diphenhydramine hydrochloride Pharmacologic classification: ethanolamine-derivative antihistamine (first generation)
Allergy DM, AllerMax, Banophen, Benadryl, Benadryl Allergy, Benylin, Compoz, Diphen AF, Diphen Cough, Diphenadryl, Diphenhist, Dormin, Genahist, Midol PM, Miles Nervine Nighttime Sleep-Aid, Nytol, Siladryl, Sleep-Eze 3, Snooze-Fast, Sominex, Twilite, 40 Winks
Therapeutic classification: antihistamine (H1-receptor antagonist), antiemetic, antivertigo, antitussive, sedative-hypnotic, topical anesthetic, antidyskinetic (anticholinergic)
Pregnancy risk category B
Available with or without a prescription
Capsules: 25 mg, 50 mg
Capsules (liquid-filled): 25 mg, 50 mg
Cream (topical): 1%, 2%
Elixir: 12.5 mg/5 ml
Gel (topical): 1%, 2%
Injection: 10 mg/ml, 50 mg/ml
Liquid: 12.5 mg/5 ml
Solution: 12.5 mg/5 ml
Solution (topical): 1%, 2%
Spray: 1%, 2%
Stick (topical): 2%
Syrup: 12.5 mg/5 ml
Tablets: 25 mg, 50 mg
Tablets (chewable): 12.5 mg
Tablets (film-coated): 25 mg, 50 mg
Indications and dosages
Rhinitis, allergy symptoms, motion sickness, Parkinson’s disease. Adults and children age 12 and older: 25 to 50 mg P.O. t.i.d. or q.i.d. Or, 10 to 50 mg I.V. or deep I.M. Maximum I.M. or I.V. dose is 400 mg daily.
Children younger than age 12 who weigh more than 10 kg: 12.5 to 25 mg P.O. t.i.d. or q.i.d. Or, 5 mg/kg daily P.O., deep I.M., or I.V. in divided doses q.i.d. Maximum dose is 300
Nonproductive cough. Adults and children age 12 and older: 25 mg P.O. q 4 to 6 hours. Maximum dose is 150 mg daily.
Children ages 6 to 12: 12.5 mg P.O. q 4 to 6 hours. Maximum dose is 75 mg daily.
Children ages 2 to 6: 6.25 mg P.O. q 4 to 6 hours. Maximum dose is 25 mg daily.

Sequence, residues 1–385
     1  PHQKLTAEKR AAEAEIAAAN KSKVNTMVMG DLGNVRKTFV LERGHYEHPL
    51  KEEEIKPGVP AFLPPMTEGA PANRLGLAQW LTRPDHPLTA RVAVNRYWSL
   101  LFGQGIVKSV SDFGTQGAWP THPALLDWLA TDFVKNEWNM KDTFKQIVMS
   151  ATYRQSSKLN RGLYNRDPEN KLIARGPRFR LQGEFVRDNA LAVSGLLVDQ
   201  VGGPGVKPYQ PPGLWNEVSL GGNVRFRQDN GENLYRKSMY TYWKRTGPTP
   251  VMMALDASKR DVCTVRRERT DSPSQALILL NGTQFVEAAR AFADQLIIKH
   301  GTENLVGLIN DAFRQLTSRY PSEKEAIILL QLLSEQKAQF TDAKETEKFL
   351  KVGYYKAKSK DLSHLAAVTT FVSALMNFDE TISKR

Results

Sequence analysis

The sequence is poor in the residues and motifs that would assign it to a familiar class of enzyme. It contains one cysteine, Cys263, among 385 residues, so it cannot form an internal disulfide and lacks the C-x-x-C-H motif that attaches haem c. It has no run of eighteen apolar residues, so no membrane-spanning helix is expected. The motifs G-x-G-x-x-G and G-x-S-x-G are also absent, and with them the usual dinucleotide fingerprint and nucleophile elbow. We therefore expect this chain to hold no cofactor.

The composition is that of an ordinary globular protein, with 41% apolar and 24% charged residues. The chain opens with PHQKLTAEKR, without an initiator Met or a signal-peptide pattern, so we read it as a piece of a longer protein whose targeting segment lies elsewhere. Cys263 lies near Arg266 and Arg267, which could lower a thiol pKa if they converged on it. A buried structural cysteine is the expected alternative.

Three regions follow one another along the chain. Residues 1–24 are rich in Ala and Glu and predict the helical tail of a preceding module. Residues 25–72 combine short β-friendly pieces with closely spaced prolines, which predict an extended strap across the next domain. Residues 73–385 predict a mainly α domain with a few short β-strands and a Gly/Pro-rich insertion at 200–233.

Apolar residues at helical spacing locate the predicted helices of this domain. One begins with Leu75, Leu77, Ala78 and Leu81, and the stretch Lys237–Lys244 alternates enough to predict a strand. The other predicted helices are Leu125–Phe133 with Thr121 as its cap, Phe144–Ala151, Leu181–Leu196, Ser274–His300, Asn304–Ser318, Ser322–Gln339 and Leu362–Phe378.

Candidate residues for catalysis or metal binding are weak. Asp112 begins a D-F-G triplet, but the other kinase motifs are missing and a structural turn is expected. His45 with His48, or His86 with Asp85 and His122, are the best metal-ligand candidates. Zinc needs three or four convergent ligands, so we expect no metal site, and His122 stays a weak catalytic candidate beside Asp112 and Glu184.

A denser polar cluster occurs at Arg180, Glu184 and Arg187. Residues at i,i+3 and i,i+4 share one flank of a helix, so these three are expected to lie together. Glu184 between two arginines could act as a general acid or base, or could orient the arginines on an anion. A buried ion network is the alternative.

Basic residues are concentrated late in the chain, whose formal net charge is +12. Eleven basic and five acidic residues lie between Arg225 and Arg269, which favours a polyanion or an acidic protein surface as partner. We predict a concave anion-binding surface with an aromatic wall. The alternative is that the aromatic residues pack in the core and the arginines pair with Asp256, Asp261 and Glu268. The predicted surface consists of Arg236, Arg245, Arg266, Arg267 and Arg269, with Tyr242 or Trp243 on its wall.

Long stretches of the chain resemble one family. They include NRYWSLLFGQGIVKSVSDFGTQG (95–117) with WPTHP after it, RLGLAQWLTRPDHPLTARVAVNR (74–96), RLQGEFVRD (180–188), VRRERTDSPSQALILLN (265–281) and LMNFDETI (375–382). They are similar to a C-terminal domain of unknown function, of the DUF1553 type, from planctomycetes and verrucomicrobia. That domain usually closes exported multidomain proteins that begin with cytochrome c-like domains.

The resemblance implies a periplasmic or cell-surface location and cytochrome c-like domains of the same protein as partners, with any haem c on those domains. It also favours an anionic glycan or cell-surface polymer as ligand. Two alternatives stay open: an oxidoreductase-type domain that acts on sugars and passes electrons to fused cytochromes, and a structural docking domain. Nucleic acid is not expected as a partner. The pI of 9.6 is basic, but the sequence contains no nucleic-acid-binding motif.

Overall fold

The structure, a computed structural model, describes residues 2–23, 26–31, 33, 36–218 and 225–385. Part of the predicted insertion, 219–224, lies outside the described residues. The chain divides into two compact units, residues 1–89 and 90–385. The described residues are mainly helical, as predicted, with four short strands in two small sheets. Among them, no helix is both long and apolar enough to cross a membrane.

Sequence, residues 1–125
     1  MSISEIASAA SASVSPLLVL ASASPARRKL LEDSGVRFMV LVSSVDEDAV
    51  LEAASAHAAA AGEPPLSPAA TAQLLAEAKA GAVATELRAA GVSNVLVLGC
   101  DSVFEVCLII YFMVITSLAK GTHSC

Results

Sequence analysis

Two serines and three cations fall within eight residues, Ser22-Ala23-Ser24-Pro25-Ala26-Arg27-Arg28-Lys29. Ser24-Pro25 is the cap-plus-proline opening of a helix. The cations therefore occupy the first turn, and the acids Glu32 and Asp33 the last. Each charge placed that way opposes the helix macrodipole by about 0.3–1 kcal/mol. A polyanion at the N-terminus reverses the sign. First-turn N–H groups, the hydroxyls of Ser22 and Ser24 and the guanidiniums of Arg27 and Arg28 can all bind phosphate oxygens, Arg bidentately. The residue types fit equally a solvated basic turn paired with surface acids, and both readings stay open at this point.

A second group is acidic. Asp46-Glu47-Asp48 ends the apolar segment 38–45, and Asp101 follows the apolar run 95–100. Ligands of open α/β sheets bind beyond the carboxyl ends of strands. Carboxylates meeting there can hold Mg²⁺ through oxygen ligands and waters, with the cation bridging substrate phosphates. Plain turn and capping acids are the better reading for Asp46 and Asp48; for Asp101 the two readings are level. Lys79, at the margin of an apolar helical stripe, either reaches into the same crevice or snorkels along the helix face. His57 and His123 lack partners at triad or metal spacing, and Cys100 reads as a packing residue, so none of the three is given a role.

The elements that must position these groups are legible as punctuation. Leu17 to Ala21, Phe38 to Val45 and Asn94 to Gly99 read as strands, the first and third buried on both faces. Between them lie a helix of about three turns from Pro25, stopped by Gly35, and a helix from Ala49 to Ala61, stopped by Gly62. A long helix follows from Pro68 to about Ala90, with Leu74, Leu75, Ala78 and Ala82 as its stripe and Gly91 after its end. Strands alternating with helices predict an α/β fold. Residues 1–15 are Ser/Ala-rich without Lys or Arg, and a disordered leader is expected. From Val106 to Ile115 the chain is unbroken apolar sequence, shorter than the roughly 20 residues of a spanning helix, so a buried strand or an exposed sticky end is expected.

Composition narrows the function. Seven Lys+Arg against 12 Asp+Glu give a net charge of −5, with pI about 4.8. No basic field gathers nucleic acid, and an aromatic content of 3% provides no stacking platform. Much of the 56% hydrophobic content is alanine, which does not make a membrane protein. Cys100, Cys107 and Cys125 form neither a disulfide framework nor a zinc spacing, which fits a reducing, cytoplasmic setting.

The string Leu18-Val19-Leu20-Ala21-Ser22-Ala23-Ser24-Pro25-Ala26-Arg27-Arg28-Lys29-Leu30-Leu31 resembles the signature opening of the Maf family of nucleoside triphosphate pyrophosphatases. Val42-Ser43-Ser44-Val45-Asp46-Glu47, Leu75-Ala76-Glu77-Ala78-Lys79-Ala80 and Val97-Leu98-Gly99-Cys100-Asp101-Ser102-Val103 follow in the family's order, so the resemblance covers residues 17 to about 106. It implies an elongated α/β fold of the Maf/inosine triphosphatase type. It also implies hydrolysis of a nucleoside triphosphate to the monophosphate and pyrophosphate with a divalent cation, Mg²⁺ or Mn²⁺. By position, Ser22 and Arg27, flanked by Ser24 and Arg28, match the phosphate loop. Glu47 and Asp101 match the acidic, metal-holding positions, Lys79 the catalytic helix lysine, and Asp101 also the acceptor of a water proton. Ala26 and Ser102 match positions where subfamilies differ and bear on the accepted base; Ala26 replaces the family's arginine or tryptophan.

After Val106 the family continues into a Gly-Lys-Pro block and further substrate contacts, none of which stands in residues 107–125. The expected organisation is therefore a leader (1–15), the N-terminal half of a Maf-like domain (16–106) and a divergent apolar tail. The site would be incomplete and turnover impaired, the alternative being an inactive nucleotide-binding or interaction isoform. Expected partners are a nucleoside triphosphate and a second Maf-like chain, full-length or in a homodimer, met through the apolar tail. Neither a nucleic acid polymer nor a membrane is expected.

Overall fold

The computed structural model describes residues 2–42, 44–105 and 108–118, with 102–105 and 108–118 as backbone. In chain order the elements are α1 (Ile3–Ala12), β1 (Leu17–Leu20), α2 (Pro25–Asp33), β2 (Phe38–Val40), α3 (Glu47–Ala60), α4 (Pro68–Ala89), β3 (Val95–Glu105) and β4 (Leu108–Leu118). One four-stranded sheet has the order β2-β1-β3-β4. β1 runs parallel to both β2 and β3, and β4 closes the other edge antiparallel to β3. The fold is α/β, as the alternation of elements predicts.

Insomnia. Adults: 50 mg P.O. h.s.
Sedation. Adults: 25 to 50 mg P.O., or deep I.M., p.r.n.
Antihistamine action: Antihistamines compete for H1-receptor sites on the smooth muscle of the bronchi, GI tract, uterus, and large blood vessels; by binding to cellular receptors,
they prevent access of histamine and suppress histamine-induced allergic symptoms, even though they don’t prevent its release.
Antivertigo, antiemetic, and antidyskinetic actions: Central antimuscarinic actions of antihistamines probably are responsible for these effects of diphenhydramine.
Antitussive action: Drug suppresses the cough reflex by a direct effect on the cough center.
Sedative action: Mechanism of the CNS depressant effects of diphenhydramine is unknown.
Anesthetic action: Drug is structurally related to local anesthetics, which prevent initiation and transmission of nerve impulses; this is the
probable source of its topical and local anesthetic effects.
Absorption: Well absorbed from the GI tract.
Distribution: Distributed widely throughout the body, including the CNS; drug crosses the placental barrier and appears in breast milk.
Drug is about 82% protein-bound.
Metabolism: About 50% to 60% of an oral dose of diphenhydramine is metabolized by the liver before reaching the systemic circulation
(first-pass effect); virtually all available drug is metabolized by the liver within 24 to 48 hours.
Excretion: Plasma elimination half-life of drug is about 21/2 to 9 hours; drug and metabolites are excreted primarily in urine.
|| 4-8 hr
Contraindications and precautions
Contraindicated in patients hypersensitive to drug, patients having acute asthmatic attacks, and neonates, premature neonates,
and breast-feeding women.
Use with extreme caution in patients with angle-closure glaucoma, prostatic hyperplasia, pyloroduodenal and bladder neck